Daniel Dockery

animî nostrî dêbent interdum âlûcinâri

Home of published musician, recording artist, mathematician, programmer, translator, artist, classicist, and general polymath.
Ex Bibliotheca, pt. II: A Proof of Concept • Daniel Dockery

Ex Bibliotheca, pt. II: A Proof of Concept

March 5th, 2012

Not long ago, in an earlier post, I wrote about Borges’ “Library of Babel” and some of the mappings that can be applied or removed to reveal it as pure number. In Borges, the mapping applied is textual so that the numbers take on the appearance of the written word, manifested as books, but thinking of an earlier experiment, the so-called Transcendental (Number) Études, where a sequence of digits was turned into a song, I began considering the idea of the Library manifested as music.

It occurred to me that reversing the Borges mapping, or a longer one supporting whichever alphabet or map one chooses instead of the limited one of twenty-two letters, any arbitrary text could be turned into a number, and that number then turned into a melodic line. As a proof of concept, I mentioned this and put out a request for a sample text on Tumblr, to which Mister Chu replied with this fragment:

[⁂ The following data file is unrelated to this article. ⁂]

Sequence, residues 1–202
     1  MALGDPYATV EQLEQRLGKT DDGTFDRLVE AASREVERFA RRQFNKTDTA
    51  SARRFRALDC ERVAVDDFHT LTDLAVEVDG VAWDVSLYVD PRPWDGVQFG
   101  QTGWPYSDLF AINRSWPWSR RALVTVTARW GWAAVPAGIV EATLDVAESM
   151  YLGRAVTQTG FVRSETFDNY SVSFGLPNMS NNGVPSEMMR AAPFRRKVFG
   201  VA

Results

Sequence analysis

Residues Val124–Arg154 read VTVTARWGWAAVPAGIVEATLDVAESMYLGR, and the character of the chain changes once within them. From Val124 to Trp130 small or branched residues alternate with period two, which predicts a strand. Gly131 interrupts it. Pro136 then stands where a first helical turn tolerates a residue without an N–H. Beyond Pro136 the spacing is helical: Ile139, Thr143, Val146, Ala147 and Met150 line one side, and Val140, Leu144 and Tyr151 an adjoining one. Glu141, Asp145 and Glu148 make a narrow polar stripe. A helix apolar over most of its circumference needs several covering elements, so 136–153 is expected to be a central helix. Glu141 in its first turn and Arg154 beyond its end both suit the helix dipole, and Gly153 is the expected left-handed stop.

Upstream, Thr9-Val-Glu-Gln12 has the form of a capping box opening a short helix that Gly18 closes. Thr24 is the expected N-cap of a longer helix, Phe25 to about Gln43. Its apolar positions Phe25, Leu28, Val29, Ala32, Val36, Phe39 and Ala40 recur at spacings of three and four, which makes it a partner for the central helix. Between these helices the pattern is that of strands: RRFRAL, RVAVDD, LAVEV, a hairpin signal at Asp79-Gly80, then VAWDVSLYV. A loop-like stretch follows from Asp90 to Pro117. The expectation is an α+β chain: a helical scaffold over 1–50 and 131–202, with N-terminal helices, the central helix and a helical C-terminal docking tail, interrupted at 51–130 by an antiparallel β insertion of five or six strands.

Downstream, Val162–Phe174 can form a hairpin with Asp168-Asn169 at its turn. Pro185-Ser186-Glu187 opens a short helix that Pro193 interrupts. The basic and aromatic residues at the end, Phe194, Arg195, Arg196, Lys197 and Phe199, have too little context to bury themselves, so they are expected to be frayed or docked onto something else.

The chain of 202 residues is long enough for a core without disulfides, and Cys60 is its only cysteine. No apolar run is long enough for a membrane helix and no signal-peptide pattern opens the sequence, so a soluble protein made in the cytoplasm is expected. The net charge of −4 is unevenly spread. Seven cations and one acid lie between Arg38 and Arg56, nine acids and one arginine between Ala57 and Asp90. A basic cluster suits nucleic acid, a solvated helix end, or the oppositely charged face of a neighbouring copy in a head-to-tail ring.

A bag is packed. The man being left tries to save himself by allowing his life to tumble across his lips. All of his stories fall out, irrelevancies, laundry lists and places to park on the Southside of Chicago. This is everything he thinks, so little.

He subsequently posted the full text here. From that, I produced a number (using a 29-member mapping, the twenty-six letters of the Roman alphabet, the space, period and comma), and converted that into the following melody. The tempo, pacing, accompaniment and performance are, as before, at will, while the melodic line itself is an exact mapping from the number.

[This piece is not currently available online.]

Your email address will not be published. Required fields are marked *

*

Daniel Dockery

animî nostrî dêbent interdum âlûcinâri

Home of published musician, recording artist, mathematician, programmer, translator, artist, classicist, and general polymath.